Last week a piece of important legislation totally got by me. It was Vermont H-230. In the words of Deb Bucknam, who woke me up to the implications of the bill, “it allows any minor to consent to mental health treatment without the knowledge or consent of his or her parents on issues of sexual orientation and gender identity.”
Who wouldn’t want a teenager to get the counseling he/she wants, right? Not having children myself, it was easy to slide into agreement, even though I have often questioned the right of government to interfere as much as they do with the natural authority of parents. But there are bad parents, right? So why not give the kids the right to get the counseling they need if parents are standing in the way?
But Representative Rodney Graham of Williamstown asked a compelling question on the house floor on March 23: “I believe parents have the right to know what’s going on with their minor children. There are many parents in the chambers here today. Am I to understand you won’t want to know about your children?”
Many parents will resonate strongly with this question. They will wonder why the state of Vermont doesn’t trust them to counsel their children. Who does the state trust? In other words, who will be making the referrals for these children to professional counselors without notifying the parents? Unstated, but understood, is that in addition to social workers, the school system will be making these referrals. Which brings us to an unnatural divide between many in the educational establishment and many parents. Why is this so?
I have heard enough stories from educators to know that the degree of social disintegration in our communities has become increasingly troubling and increasingly difficult for our teachers to handle. For the growing number of neglected and abused children, it makes sense to authorize school personnel to make referrals for professional help. But there is another side to the unnatural divide between the educational establishment and parents that is not about troubled kids and abusive parenting.
In a nutshell, normal, competent parents have grounds for suspecting that the educational establishment is not neutral about sexual values. Rather, educational ideology today often treats sexuality in terms of social justice and free expression more than as a factor in the individual development of the child. Based on the cases I have read, parents have good reason for concern that their children might be nudged in one direction or another. In a world where the science of sexuality is anything but solid, parent are right to object to their child being directed toward counseling on sexual orientation and gender identity without parental consent. In short they don’t want what could be the fad of the day to affect their child for a lifetime.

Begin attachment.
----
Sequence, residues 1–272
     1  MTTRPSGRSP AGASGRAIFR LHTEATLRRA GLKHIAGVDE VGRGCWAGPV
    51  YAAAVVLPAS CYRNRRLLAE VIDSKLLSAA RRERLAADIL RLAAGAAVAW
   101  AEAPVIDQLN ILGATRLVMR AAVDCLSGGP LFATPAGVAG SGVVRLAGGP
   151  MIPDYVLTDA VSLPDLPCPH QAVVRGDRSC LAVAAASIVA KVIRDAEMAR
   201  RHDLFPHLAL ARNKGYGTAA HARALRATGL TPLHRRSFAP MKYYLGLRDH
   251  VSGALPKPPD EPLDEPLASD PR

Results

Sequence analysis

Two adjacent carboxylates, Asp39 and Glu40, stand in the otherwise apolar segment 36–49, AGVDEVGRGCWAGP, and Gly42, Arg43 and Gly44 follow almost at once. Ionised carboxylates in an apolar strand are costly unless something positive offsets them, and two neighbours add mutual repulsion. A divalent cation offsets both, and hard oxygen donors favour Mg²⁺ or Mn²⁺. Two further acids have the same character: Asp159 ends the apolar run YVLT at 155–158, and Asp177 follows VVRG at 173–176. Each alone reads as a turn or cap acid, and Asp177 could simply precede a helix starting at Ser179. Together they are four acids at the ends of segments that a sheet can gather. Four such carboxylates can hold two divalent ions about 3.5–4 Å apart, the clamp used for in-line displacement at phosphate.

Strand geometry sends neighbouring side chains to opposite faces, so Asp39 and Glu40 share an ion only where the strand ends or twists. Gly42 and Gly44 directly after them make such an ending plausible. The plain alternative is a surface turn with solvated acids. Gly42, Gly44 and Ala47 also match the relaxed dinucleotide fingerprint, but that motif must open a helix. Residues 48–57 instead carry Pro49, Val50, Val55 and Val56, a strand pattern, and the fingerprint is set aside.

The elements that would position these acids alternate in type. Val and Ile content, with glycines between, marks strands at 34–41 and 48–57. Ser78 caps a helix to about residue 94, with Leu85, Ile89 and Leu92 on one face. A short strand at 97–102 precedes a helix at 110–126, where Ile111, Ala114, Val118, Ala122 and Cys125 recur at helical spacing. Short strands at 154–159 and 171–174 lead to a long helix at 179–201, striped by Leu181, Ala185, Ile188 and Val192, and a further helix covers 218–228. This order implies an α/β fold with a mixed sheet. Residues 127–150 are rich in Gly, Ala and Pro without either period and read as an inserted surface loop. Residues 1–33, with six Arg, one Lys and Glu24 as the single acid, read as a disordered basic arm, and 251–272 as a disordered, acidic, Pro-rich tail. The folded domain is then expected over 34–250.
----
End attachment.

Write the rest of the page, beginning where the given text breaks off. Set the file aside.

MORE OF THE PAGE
This realization that the educational establishment is not necessarily neutral is important across the board. It helps us understand why school choice has become such an important and rancorous issue in our country. The truth is that the educational establishment has never been neutral, although in some periods of history we have been able to achieve general agreement between the educational establishment and the public about what should be taught. In the 1950s, for example, people were pretty content with their schools. In the 1960s and 1970s, disagreement erupted over civil rights, women’s rights, the War in Vietnam, and sexual freedom, thus moving people to question the value assumptions behind the 1950s curriculum.
To many liberals today this battle is still being fought. What is interesting, though, is that liberals—in the blue states like Vermont, at least—have pretty much won control of the curriculum—social justice, climate change, identity politics, free expression of all types of sexuality, criticism of America, etc. They don’t seem to realize that their idea of the “correct” curriculum is no more inherently neutral than the 1950s curriculum. And their insistence that public moneys not go to private schools is in many minds not about “equity” but about retaining a liberal monopoly over the minds of American school children.
This is what the school choice debate in Vermont is really about—who decides what children will be taught, parents or educators? It is ironic because, as I understand it, some independent schools were formed to educate the children of the liberals and hippies that came to Vermont in the 60s and 70s in search of a more pastoral life, but who were dissatisfied with the schools.
In every era someone is going to be unhappy with education. Allowing for robust competition is the only way to allow unsatisfied parents to seek out the education they think their children deserve. At the same time competition engages all parents by giving them back the power to decide where their children will be schooled. The bad parental apples aside, no one is more committed to quality education for their kids than parents.